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Five Marriott brands and four InterContinental Hotel Group brands plan to dispense with their individual travel-size amenities this year. The properties will upsize to full-size shampoo and conditioner dispensers mounted on hotel bathroom walls, according to The Wall Street Journal.

Although the change will only save about $2,000 per hotel per year, hotel chains cited rising awareness of environmental impact as the driving force behind the decision. “Think of it as roughly 1,000 bottles for every hotel room, multiplied by more than 5 million hotel rooms in the U.S.,” which adds up to billions of bottles per year, Scott McCartney, the Middle Seat columnist for the WSJ, reported.

Marriott will initially implement wall-mounted dispensers in 450 hotels under the Courtyard, Residence Inn, Fairfield Inn, Springhill Suites and TownePlace Suites brands. Those 450 properties currently go through a combined 10.3 million travel-size bottles – 113,000 pounds of plastic – each year, according to Liam Brown, COO of Marriott Select Services. The goal is to upsize a total of 1,500 properties by January 2019, which would allow Marriott to eliminate 34.5 million bottles each year — collectively 375,000 pounds of plastic. The update will also include a product quality upgrade, to Paul Mitchell’s Tea Tree product line.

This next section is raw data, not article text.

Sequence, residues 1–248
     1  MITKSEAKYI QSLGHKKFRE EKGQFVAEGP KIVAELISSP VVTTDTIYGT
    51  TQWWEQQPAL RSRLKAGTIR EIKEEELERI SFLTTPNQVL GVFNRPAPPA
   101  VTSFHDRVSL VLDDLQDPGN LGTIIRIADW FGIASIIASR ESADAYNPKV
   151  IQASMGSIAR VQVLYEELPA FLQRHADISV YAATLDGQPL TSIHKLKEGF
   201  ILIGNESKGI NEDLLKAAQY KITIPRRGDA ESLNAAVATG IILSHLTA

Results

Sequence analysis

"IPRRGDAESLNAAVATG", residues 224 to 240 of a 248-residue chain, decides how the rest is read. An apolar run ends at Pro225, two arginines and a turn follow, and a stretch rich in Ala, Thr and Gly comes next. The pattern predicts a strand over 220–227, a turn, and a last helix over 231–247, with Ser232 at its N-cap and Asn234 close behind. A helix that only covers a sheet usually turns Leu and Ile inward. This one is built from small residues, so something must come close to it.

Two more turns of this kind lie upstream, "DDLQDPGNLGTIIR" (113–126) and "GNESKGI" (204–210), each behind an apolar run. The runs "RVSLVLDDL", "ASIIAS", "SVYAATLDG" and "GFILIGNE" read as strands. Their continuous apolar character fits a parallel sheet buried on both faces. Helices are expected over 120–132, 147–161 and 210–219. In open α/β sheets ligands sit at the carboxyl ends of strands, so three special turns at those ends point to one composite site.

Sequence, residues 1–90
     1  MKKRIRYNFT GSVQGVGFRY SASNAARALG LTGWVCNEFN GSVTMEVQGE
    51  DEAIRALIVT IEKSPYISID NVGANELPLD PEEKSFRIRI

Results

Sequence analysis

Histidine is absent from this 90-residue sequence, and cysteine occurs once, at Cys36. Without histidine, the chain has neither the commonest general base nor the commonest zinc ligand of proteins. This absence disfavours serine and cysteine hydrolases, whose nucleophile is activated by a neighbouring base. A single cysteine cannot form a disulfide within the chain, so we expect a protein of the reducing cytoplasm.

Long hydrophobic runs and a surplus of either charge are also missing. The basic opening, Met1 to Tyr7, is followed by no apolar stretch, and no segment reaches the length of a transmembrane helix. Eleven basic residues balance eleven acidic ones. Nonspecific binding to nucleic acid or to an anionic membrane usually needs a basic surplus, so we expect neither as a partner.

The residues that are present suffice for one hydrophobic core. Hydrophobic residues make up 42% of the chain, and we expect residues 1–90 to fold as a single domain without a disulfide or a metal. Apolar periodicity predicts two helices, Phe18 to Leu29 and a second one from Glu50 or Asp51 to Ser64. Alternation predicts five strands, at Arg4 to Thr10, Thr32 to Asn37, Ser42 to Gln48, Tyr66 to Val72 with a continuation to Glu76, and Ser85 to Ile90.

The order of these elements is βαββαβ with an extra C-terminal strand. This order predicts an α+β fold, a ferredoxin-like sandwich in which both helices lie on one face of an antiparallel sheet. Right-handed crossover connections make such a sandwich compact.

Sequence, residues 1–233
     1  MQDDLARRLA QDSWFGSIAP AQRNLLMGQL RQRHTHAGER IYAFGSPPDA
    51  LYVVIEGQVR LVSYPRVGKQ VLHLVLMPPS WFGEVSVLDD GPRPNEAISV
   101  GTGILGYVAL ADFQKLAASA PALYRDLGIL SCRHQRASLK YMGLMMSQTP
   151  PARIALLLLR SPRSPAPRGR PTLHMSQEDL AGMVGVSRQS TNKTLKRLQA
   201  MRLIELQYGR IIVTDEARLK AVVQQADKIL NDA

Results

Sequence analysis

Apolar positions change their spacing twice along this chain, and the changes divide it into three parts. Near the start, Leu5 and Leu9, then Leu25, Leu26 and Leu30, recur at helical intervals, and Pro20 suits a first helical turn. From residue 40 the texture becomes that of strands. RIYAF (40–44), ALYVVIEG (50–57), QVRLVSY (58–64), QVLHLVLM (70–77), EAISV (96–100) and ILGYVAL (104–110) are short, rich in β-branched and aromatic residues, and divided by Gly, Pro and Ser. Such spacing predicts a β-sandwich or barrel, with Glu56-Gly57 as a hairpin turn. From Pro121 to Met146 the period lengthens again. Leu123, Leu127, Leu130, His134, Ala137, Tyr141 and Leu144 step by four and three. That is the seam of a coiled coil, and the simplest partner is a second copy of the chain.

“This is certainly not an arbitrary decision,” Brown said. “I don’t think that anybody would perceive it as a budget or a downgrade. Certainly in the testing we did, it did not come across that way.”

IHG will upgrade to full-size bottles in its Avid, Staybridge Suites, Candlewood Suites and Holiday Inn Express properties this year. The Kimpton Hotels under IHG already utilize large bottles in the showers.

But not all travelers are excited about the departure from travel-size amenities. “What’s next, getting rid of the packs of coffee and making us scoop out of a can?” Detroit consultant Dennis Lennox told the WSJ. Lennox spends more than 200 nights a year in hotels. “I think it’s cheap, incredibly cheap.” Lennox currently collects the amenities from his hotels to donate to local homeless shelters.

H/T: The Wall Street Journal

Featured image by Shutterstock.

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